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Every few months for years there were rumors that GB were going to play a show.  Finally last summer, the rumors proved to be true with that benefit for CBGB.  What finally made it happen and were there any other times where it almost did happen?

There were a couple of times we were approached about it.  The reason we did it was because of what it was for CBs, you know.  If it were any other club, I doubt we would have done it.  I was just talking about this with a friend.  It was more of a selfish thing to; trying to support CBs and hopefully keeping the doors open for another 30-40 years so people could go there are “get it.”  It was also to play CBs one more time, just in case they did close it.  That is basically the only reason I wanted to play.  That is a kind of club you never get sick of playing, you never get you fill of, you just want to keep playing there.  It’s the whole vibe.  When you walk in, the way it smells, the way it’s lit, the way it sounds, the memories you have in it.  We wanted to get back on the stage one more time just in case.

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I heard that Walter said you guys were going to practice your asses off and be tighter than ever before because it would never happen again.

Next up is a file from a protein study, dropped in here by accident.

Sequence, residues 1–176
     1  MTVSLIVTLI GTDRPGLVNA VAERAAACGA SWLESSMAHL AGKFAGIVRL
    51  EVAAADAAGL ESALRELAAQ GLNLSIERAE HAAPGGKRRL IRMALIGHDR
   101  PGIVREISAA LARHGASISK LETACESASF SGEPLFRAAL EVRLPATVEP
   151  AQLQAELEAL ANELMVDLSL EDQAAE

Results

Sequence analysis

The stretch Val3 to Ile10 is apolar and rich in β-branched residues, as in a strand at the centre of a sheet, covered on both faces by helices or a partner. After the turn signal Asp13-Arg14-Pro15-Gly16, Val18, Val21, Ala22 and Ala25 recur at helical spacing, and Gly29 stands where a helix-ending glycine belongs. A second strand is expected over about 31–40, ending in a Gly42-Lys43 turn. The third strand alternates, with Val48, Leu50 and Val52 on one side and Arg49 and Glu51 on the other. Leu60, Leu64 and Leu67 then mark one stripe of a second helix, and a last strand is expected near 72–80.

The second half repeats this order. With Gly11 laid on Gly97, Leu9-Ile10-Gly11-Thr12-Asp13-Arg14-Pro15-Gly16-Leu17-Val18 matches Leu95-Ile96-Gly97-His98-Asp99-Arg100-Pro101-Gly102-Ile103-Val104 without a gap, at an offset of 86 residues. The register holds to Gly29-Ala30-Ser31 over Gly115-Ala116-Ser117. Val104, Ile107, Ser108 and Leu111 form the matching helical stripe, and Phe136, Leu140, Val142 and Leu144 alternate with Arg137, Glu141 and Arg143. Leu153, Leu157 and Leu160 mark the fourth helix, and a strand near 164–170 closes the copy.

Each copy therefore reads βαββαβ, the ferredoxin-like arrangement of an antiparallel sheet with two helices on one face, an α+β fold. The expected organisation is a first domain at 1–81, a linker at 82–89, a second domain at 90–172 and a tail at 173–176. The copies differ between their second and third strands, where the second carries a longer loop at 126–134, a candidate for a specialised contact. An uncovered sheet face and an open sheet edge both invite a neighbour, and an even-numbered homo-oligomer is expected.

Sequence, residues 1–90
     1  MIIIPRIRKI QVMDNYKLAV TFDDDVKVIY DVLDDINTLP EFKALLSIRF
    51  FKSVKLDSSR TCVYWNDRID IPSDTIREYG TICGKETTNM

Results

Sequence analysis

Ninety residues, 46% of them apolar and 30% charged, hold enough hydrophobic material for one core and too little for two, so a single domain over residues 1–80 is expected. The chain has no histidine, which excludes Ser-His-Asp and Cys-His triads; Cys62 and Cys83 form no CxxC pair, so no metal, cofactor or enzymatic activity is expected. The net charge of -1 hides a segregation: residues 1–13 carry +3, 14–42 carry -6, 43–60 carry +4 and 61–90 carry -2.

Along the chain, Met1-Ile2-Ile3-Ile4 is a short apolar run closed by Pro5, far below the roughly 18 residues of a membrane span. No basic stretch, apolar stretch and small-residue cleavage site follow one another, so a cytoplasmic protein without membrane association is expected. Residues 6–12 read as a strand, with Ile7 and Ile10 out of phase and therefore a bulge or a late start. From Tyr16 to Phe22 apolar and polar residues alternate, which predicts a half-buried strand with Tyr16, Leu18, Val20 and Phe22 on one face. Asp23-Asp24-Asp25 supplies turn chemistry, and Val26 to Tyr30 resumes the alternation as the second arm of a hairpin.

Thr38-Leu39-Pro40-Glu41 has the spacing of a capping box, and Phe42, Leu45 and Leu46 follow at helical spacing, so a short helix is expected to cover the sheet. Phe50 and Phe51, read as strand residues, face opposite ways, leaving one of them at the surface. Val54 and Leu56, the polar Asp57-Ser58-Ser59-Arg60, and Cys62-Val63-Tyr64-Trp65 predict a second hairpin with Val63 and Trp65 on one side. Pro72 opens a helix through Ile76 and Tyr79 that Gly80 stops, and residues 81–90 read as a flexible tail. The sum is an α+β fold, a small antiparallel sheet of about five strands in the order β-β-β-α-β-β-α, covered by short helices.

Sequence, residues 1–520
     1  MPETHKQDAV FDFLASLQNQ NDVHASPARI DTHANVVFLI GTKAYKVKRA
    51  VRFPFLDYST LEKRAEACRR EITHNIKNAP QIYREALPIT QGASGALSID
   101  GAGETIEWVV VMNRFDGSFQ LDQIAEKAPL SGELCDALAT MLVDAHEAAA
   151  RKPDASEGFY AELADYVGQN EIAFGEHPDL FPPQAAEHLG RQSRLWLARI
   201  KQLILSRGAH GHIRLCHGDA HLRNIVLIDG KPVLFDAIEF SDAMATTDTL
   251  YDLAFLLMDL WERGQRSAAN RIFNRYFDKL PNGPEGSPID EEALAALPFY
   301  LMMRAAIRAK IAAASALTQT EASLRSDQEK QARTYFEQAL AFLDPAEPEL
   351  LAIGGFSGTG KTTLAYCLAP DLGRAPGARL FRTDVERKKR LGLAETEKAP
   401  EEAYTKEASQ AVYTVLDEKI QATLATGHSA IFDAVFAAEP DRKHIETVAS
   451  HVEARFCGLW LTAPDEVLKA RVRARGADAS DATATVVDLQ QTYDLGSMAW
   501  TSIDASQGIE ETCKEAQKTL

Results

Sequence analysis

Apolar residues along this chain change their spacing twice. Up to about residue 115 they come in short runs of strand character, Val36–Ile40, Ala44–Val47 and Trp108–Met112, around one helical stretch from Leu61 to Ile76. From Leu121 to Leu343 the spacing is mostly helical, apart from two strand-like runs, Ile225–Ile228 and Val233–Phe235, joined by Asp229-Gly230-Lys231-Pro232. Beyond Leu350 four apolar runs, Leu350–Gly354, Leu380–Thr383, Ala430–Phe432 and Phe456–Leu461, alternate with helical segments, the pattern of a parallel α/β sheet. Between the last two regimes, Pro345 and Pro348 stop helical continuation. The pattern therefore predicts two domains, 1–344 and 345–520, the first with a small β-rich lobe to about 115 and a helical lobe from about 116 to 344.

Everybody says certain things, but we wanted to practice because we never practiced prior.  We used to go on tour, road trips and stuff, but we weren’t the most polished band.  Kids used to say stuff like “I wish I could have seen you guys live.”  We’re like “we weren’t very good live.”  We had fun.  If you watched us you had fun, but it didn’t really sound as good.  We’ve also become better performers and musicians over the years too.  When we were playing, we weren’t very seasoned.  After years and years of playing in bands and doing stuff, you get a little more comfortable on stage, you become a better musician, a little more disciplined to try and do better and no just fucking do it because you have to play a show.  The never doing it again thing, that is pretty much what we assumed because we hadn’t done it before and we were just doing it for CBs.  We hadn’t seen or hung out with each other in years and years.  Alex is in Iowa, Luke is in Texas, and Walter is super busy doing his own projects.  We thought that would be it.  We had a really good time hanging out for a couple of weeks, it just felt nice.  We practiced, we played.  It was cool hanging out with each other again.  That kind of opened the door for us to play in the future again.  It opened up the dialogue that wasn’t there before.